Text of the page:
Overcome the security talent shortage by addressing your tech stack

This is a guest post by Graham Pearson, vice-president and general manager for ANZ at Lacework

Australians will spend approximately $5.6bn on cyber security alone this year, according to AustCyber, the Australian cyber security network. This figure is expected to increase to $7.6bn within the next three years as the cyber security sector continues to grow, accelerated by the additional risks of a more distributed workforce and as criminals become bolder and more organised.

Despite this increasing need to ramp up security, the region is facing a chronic shortage of skilled security workers to fill the gap, especially with international borders remaining closed. For example, in the 12 months to September 2020, there were more than 14,000 job openings for dedicated and related cyber security roles in Australia, but a talent pool half the size of the national average for employers to recruit from.

Filling the tech talent shortage is going to take a concerted and prolonged effort across all walks of the industry – we require better education and increased diversity and accessibility, and slowly the tide will begin to turn. But in the short-term, how can CISOs, 78% of whom have 16 or more security tools to manage, according to Gartner, better manage their tech stack with limited manpower?

Here are five steps to streamline your tech and plug your skills gaps: 

1. Identify the gaps

The first step in streamlining your workload and reducing the strain on skills is to identify where those skills gaps are. Begin by asking, ‘where do I have a shortage of skills?’ and ‘who can I hire to fill those gaps?’. In addition, you need to look at where your current employees are spending most of their time. Are they tied up in process driven admin or are they working on strategic tasks that are aligned to the business objectives? That is, are they combing through alert logs and updating policies or are they being productive in supporting the tech function?

2. Review your current tech stack

Once you have mapped out the gaps from a people perspective, the next step is to cross-reference your employee resource against your tech stack. Within those mundane, time-consuming and process driven areas, what tools do you have in place? Do you have specialised tools that are contributing to your tech stack bloating? The more specialised tools you have in place, the more skills you need to support them. Also ask yourself how much overlap in tooling you have and where you can cut back. It is important to be really clear at this stage about which tools are putting a strain on employee resources and which are alleviating that strain.

3. Assess the technology landscape

The next step is to assess the broad technology landscape and identify where you might be able to find new solutions to alleviate the strain on employee resource, likely through automation or reducing the need for specialised skills. The technology landscape evolves so quickly that there are almost certainly new tools available now that weren’t developed two to three years ago. It is important not to be deterred by tech that may have been in its infancy last time you reviewed it. Technology such as artificial intelligence (AI) and machine learning (ML) has come on leaps and bounds in recent years so what you may have dismissed previously as unsuitable could serve you well now.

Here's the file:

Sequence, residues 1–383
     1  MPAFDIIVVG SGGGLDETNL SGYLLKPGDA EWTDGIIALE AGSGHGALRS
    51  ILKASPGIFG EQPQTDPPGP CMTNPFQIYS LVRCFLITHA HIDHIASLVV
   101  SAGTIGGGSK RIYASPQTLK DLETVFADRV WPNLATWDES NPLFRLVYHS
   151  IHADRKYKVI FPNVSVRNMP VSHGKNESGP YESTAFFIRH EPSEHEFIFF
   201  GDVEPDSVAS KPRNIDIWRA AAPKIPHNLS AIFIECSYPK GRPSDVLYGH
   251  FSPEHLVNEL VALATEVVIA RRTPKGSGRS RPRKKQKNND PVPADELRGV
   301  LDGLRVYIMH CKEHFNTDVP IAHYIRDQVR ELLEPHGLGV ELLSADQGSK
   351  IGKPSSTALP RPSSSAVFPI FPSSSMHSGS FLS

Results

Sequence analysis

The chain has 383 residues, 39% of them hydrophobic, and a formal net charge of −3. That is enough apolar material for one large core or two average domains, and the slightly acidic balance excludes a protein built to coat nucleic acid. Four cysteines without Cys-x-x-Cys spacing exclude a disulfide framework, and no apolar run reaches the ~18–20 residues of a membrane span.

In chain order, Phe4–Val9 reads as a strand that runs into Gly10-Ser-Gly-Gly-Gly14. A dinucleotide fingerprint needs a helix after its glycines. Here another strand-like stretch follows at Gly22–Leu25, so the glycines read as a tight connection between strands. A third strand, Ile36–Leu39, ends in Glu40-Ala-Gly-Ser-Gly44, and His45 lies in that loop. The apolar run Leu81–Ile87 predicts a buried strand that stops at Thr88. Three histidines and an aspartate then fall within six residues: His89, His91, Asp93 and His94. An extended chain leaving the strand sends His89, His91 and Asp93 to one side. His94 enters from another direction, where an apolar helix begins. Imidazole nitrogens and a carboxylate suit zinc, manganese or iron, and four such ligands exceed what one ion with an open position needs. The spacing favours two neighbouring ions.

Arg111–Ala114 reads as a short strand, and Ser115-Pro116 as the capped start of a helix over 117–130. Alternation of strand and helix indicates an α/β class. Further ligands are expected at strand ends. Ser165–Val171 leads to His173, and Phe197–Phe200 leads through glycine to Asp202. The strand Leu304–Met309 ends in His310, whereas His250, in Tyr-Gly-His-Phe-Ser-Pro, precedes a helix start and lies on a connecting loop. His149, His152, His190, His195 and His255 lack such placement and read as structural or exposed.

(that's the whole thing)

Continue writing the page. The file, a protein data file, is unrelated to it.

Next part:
Also, consider how you view vendors that have served you previously. If you have legacy tools in place, are you married to those vendors out of habit or because they are right for your business? For example, niche tools addressing a single use case such as compliance, container security or physical firewalls could have been the best solution at the time but now demand specialised skills that you’re unable to find.

Review the landscape and select tools that will streamline your operations and simplify the day-to-day requirements from your team. Consider tools that have been built from the ground up to serve a particular purpose, rather than those cobbled together as add-ons to existing products.

4. Lean on others to operationalise

Once you have decided on what technology can help you fill your skills gap by streamlining your processes and manual requirements, then it is time for ‘operationalisation’ of that technology. Planning how you’re going to implement and use the technology will define how successful it is as you won’t see the full benefits of any tech if you don’t implement it correctly.

Operationalisation often requires specialised skills across current in demand areas such as security information and event management (SIEM) and data, vulnerability assessment and management, and workload and container management. It is unlikely you have these specialised skills within your team, in which case it will be imperative to work with partners with corresponding expertise and investment. The correct partner will help you establish the new technology and tune it so it’s working optimally for you to manage on an ongoing basis.

5. Measure, review and go again

It is imperative you are measuring the success of your new technology. Most vendors should be able to provide projected savings before implementation and ROI on labour and process saving once operational. If they can’t, reassess the technology.

The technology landscape is continually evolving and so is your tech stack and the skills you have within your team. If vendors are not delivering or a tool becomes too hard to manage due to a skills gap, then it’s important to reassess. For maximum success and operational efficiency, repeat all five steps regularly.

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